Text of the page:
Author: Nicole C. Maloy, W’95
While dining at 1920 Commons with some fellow freshmen in the fall of 1991, I saw a sophomore named Tanisha carrying a stack of those ¼ size sheets of colored paper – you know the ones – from table to table. When she got to us, she looked at me and asked, “Do you sing?”
I shrugged and responded, “A little.”
She smiled, thrust an orange handbill towards me, and said, “Audition for The Inspiration!”
I struck a defensive posture, hands up, palms out. “Oh, no. You don’t want me,” I said.
I’d just heard The Inspiration (often mistakenly referred to as “Inspirations”) at Performing Arts Night. The audience was mesmerized by this incredibly smooth, polished, R&B a cappella group. My singing experience at the time consisted of high school musical showtunes with the drama club, and harmonizing with the radio. Let’s say my style (such as it was) seemed all wrong for The Inspiration.
Honing in on my concern, Tanisha replied, “I auditioned with an opera.”
My hands came down. “Really?”
Had anyone else approached me, I would not have taken that flier. But I did. As a result, I would give up every Tuesday, Thursday and Sunday night for four academic years. In return, I would gain a room full of new siblings, and memories that still make me smile 15+ years after graduation. An example: a fire drill once interrupted our rehearsal in High Rise East. We gave a brief, impromptu performance for the growing crowd in Superblock until everyone could get back inside. We were asked to sing at all future fire drills, but politely declined.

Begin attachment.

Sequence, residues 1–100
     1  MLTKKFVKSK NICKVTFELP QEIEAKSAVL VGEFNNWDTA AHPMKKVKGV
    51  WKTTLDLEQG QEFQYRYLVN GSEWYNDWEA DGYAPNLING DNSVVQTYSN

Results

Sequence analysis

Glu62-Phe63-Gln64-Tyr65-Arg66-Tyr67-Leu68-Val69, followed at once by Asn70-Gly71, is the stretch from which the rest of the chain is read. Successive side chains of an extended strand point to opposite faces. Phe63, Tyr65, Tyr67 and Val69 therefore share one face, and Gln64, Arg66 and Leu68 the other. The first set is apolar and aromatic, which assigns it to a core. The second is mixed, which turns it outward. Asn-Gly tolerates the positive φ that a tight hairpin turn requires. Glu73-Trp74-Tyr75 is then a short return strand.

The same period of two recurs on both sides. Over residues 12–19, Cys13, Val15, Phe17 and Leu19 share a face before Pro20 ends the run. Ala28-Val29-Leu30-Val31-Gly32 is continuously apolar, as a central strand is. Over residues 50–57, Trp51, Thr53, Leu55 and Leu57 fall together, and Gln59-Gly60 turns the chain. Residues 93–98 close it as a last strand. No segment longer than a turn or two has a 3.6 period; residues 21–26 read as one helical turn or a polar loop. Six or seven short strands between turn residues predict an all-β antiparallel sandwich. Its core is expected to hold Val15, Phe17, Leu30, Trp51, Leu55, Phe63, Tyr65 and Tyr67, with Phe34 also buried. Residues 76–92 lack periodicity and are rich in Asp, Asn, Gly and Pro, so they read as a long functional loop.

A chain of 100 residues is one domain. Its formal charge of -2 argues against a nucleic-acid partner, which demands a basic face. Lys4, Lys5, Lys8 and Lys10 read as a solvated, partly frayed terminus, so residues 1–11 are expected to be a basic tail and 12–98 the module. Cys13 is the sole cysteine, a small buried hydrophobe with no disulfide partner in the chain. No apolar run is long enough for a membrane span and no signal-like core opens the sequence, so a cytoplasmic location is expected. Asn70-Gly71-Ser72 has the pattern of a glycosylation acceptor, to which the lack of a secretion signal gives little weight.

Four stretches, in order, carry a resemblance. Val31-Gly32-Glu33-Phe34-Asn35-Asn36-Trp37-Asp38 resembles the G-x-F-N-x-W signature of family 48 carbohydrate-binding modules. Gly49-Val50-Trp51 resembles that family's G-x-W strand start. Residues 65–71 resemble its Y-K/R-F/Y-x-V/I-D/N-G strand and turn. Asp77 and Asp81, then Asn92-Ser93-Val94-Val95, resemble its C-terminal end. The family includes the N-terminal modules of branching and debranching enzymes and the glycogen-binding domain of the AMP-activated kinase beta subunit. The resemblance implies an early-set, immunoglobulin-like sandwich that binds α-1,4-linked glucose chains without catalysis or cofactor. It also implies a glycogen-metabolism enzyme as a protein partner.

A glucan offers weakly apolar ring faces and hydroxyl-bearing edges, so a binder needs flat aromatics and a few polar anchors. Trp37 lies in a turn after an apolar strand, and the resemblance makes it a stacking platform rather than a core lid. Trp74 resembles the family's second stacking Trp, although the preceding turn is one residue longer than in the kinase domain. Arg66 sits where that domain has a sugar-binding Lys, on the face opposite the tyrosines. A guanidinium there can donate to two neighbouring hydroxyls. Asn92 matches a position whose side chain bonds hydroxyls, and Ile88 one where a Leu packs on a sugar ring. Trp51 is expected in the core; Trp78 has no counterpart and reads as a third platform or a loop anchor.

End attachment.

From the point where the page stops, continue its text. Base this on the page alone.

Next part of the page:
Just being in the group made my singing better, but who knew I would learn how to arrange music for a cappella performance? By the time I was an upperclassman, the group gave me the amazing opportunity to produce full concerts as a Show Coordinator. Our events were meant to educate as well as entertain so, in addition to living a dream and writing sketch comedy, I got to arrange a song by supergroup Ladysmith Black Mambazo. Then I asked a hallmate from South Africa to translate the lyrics from Xhosa to English for us. This way, we could explain to the audience what they were about to hear.
Each time I step back onstage with other alumni (lovingly dubbed, “oldheads”) at a show by the current group, I am moved by the significance of The Inspiration’s continuity on the Penn campus. Having been a part of it, knowing that our shows have added to the quality of life here over the years, is a source of great pride. I offer special thanks to Tanisha Lyon Brown’s background in opera for making it all possible for me.
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